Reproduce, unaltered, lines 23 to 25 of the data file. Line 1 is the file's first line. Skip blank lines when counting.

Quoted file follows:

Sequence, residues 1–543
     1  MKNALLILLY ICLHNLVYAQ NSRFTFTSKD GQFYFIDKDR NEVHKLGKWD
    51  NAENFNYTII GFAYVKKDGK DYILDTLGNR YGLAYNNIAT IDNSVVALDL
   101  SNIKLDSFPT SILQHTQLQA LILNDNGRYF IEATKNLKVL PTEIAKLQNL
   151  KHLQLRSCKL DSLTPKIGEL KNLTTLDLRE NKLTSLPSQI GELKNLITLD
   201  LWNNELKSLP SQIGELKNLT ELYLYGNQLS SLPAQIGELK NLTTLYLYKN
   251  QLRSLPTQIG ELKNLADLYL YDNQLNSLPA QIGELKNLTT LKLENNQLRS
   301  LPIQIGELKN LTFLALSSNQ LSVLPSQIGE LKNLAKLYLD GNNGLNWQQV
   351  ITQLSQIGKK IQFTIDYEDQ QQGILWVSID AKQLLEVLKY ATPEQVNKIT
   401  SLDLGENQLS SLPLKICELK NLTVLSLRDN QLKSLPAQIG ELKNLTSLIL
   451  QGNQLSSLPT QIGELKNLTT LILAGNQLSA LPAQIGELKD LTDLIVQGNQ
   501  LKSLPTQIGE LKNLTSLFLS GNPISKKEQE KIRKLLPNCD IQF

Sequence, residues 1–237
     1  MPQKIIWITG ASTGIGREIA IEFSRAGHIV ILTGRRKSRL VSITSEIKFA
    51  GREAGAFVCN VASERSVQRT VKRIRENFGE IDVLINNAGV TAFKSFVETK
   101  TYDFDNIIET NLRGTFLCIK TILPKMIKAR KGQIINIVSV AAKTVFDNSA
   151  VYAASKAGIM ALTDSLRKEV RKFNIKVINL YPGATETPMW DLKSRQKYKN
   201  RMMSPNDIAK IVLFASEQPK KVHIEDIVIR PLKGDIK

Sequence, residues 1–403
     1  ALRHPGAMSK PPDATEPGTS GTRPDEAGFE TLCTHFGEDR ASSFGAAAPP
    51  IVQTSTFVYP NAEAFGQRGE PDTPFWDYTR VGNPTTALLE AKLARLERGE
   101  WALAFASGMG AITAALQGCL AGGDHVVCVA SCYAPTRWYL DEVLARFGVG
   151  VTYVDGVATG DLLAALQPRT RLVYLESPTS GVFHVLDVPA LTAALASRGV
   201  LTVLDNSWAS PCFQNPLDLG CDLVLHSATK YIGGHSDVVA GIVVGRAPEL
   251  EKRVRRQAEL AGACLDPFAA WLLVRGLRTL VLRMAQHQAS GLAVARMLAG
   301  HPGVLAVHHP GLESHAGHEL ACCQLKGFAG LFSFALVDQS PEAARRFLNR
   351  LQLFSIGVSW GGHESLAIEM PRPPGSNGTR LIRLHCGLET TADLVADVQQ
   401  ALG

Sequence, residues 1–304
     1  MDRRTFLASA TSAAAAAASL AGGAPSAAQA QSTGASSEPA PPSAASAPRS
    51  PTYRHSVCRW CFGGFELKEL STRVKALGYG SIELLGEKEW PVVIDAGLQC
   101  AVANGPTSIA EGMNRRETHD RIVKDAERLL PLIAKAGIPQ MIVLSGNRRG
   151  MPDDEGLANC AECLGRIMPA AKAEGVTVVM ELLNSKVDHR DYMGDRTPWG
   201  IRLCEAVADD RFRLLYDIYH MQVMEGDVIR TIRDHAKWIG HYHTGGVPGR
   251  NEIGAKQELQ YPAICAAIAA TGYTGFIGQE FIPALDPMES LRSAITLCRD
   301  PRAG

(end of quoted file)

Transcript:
   151  VTYVDGVATG DLLAALQPRT RLVYLESPTS GVFHVLDVPA LTAALASRGV
   201  LTVLDNSWAS PCFQNPLDLG CDLVLHSATK YIGGHSDVVA GIVVGRAPEL
   251  EKRVRRQAEL AGACLDPFAA WLLVRGLRTL VLRMAQHQAS GLAVARMLAG